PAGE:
Chief Executive Carrie Lam has defend her choices of new officials, after four undersecretaries and political assistants appointed on Tuesday turned out to be defeated pro-Beijing election candidates.

Education Undersecretary Choi Yuk-lin ran against Ip Kin-yuen for the education sector seat in last September’s Legislative Council elections, but lost out to the pro-democracy candidate. She gained 18,158 votes, whilst Ip won with 45,984 votes.

Carrie Lam. screenshot.

Lam said it was not “logical” to say Choi was not supported by the education sector despite losing the election.

“There are, of course, winners and losers in elections. I experienced it too – I won, but I respect the two losers very much. On March 26, the first thing I did after winning the election was to thank the two other candidates, who made the election more rich and more meaningful,” she said. “I don’t understand why losers in elections would not have the responsibility and passion to serve the education sector.”

“This is the tolerance Hong Kong wants to see. An election loser should not be suppressed because of one election loss.”

No nomination from democrats

Lam said her selection of officials was based on their ability, and not their political stance. She had asked political parties to submit nominees to her.

“In fact, I did not receive any nominations from pan-democrats,” she said. “You may want to ask why our pan-democrat friends were not willing to nominate their members to the government.”

Kevin Yeung and Choi Yuk-lin.

“But, of course, there is a bottom line. He or she needs to support the government’s work, needs to love the country and Hong Kong, [and] needs to uphold the Basic Law, before we can work together. So I am not biased against certain parties.”

She said Choi’s nomination originated from Education Secretary Kevin Yeung: “We did not have a list of people [forced upon us].”

‘Very good young man’

Undersecretary for Financial Services and the Treasury Joseph Chan lost in the Commercial (First) sector seat of the last Legislative Council elections to incumbent Jeffrey Lam.

“I did not hear any [negative] opinions on Joseph from Jeffrey Lam. Privately he even said this young man was very good, you have picked the right person,” Carrie Lam said.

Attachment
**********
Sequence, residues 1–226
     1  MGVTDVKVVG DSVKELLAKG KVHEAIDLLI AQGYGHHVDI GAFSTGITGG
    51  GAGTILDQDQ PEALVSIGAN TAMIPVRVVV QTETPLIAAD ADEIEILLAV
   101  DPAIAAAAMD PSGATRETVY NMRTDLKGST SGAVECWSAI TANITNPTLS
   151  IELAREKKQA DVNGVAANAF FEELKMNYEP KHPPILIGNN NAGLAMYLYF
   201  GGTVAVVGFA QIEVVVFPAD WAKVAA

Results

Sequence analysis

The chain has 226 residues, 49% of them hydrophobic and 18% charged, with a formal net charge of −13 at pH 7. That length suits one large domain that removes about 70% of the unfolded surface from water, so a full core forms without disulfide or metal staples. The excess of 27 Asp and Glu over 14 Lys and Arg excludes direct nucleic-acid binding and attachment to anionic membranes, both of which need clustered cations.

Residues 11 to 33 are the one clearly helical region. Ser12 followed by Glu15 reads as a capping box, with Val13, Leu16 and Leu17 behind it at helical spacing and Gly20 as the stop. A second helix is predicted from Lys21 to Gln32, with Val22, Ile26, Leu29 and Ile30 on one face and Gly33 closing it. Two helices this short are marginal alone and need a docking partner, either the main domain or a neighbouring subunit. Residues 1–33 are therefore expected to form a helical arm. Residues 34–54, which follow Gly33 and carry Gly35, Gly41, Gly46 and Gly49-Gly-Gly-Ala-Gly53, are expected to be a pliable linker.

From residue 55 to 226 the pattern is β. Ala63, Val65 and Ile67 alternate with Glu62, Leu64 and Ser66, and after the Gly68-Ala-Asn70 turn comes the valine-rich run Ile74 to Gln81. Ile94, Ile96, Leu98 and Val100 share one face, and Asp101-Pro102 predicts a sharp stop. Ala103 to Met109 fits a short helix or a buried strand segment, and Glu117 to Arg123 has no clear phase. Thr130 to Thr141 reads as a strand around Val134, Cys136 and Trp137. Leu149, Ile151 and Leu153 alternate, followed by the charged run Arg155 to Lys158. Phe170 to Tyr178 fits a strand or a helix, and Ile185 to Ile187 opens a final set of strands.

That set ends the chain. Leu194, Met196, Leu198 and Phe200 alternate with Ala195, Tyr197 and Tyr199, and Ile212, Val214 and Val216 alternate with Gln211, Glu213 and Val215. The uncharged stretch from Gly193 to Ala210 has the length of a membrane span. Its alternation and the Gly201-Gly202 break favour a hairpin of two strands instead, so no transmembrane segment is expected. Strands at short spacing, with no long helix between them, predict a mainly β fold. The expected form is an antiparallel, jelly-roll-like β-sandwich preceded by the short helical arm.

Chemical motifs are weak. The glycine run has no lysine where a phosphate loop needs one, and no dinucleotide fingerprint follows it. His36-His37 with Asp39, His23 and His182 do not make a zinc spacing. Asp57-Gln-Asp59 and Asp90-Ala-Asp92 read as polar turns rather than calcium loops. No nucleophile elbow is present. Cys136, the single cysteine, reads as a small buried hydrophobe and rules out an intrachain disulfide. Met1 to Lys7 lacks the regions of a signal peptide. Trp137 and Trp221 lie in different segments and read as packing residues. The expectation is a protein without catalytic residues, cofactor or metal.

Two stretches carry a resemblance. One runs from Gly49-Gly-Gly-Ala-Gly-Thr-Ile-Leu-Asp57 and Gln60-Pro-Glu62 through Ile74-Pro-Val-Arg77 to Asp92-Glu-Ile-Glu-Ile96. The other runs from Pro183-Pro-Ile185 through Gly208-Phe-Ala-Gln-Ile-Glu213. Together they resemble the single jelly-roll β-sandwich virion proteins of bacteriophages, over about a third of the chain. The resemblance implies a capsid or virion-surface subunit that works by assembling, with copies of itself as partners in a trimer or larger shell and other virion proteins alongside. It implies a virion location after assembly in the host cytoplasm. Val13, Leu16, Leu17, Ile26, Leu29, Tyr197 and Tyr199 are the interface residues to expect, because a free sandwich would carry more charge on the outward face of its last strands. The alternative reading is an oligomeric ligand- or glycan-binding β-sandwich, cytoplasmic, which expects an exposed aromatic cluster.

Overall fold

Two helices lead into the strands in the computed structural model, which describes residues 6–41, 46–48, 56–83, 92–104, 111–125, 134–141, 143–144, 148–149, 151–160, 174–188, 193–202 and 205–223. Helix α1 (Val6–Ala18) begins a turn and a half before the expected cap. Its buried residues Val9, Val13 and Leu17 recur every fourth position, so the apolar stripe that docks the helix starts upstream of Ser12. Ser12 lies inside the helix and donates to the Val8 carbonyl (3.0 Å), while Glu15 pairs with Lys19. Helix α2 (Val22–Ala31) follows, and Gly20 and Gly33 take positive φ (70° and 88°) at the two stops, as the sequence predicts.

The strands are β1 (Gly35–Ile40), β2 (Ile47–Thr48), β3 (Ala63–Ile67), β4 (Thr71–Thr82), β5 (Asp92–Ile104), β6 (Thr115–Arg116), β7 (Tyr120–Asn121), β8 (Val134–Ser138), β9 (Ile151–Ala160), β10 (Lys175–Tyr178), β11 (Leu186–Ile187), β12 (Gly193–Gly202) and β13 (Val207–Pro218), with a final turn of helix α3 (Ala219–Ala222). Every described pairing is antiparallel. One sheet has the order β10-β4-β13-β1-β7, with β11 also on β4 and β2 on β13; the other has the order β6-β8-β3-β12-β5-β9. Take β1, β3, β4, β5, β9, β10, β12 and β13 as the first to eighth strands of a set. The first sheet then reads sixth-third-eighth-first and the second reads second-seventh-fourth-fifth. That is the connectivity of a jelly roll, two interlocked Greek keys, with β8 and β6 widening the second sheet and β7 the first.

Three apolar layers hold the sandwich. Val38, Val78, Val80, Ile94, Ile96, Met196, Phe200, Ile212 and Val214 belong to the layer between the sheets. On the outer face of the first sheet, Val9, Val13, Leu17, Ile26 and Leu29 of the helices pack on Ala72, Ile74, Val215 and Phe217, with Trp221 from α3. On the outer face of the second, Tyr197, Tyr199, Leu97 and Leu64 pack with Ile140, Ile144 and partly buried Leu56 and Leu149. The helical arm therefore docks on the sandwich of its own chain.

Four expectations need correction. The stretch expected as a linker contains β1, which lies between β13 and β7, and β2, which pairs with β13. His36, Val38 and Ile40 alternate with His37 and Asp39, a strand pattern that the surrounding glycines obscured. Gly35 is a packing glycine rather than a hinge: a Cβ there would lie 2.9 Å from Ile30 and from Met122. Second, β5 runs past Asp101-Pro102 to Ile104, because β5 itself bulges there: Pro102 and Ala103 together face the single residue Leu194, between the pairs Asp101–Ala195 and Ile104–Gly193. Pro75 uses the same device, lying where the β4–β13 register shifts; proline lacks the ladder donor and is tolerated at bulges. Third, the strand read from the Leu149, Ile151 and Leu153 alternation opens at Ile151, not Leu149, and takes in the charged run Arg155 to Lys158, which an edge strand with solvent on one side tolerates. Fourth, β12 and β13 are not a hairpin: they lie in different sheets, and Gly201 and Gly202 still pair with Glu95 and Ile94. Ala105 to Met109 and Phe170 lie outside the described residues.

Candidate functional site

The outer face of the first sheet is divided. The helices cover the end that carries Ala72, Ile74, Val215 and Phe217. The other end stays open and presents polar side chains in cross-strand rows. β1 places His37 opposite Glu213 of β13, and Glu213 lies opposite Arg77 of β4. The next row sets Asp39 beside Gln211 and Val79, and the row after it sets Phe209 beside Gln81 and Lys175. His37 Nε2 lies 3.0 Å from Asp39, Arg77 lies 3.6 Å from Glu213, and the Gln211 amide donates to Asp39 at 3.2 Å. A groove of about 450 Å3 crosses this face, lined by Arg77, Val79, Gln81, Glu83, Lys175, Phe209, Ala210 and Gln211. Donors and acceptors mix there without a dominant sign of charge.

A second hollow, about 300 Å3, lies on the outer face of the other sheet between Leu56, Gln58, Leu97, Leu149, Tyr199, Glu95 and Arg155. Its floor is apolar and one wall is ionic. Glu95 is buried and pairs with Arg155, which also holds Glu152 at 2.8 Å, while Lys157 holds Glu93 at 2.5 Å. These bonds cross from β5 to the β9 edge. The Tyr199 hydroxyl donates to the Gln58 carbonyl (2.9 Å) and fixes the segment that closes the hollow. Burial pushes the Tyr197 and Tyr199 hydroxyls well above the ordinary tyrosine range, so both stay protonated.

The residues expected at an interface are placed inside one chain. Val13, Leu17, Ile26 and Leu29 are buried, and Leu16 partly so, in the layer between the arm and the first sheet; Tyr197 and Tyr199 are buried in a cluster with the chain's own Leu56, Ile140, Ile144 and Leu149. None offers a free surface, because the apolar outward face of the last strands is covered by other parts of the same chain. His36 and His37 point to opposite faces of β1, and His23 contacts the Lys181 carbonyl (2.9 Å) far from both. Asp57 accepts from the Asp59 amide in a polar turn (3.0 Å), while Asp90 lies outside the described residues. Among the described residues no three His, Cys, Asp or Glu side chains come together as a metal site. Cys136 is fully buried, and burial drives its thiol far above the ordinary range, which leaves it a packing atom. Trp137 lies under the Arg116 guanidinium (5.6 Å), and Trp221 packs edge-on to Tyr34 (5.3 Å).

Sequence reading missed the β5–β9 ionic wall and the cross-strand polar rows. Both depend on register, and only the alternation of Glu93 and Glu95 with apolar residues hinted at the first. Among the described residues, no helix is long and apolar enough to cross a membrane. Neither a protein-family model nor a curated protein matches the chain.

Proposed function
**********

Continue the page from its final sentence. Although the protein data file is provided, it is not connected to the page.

Chan, of the Liberal Party, won a District Council seat in the Peak constituency in 2015. He will resign from the position and trigger a by-election.

Joseph Chan (left) and Jeffrey Lam (right). File

‘No-one knows her’

Political assistant to the Secretary for Innovation and Technology Lillian Cheong lost in the 2015 District Council election in the Hennessy constituency.

She ran as an independent candidate, but was supported by pro-Beijing heavyweights Rita Fan and Peggy Lam. She received 760 votes and the winner, independent candidate Cheng Ki-kin, obtained 1,590 votes.

Before her appointment, Cheong was an assistant to an executive director at property giant New World Development.

Lillian Cheong said she was supported by pro-Beijing heavyweights Rita Fan and Peggy Lam in 2015 election. Photo: GovHK.

Francis Fong, honorary chairman of the Hong Kong Information Technology Federation, commented on social media: “No-one knows her.”

He questioned whether the new appointee had inadequate knowledge of the industry, since the industry had no knowledge of her: “It would be paying her to learn things, it just feels strange,” he said.

Mark Fu. Photo: YouTube/Commercial Radio screenshot.

Political assistant to the Secretary for Transport and Housing Mark Fu also lost in a 2013 District Council by-election in the King’s Park constituency.

Fu, of the Liberal Party at the time, received 268 votes, but pro-democracy candidate Lam Kin-man beat him with 1,515 votes.

Fu, however, has been active on the issue of transport as he said he had worked in the industry for several years. He often writes commentaries and appears at public events.

Kris Cheng

Kris Cheng is a Hong Kong journalist with an interest in local politics. His work has been featured in Washington Post, Public Radio International, Hong Kong Economic Times and others. He has a BSSc in Sociology from the Chinese University of Hong Kong. Kris is HKFP's Editorial Director.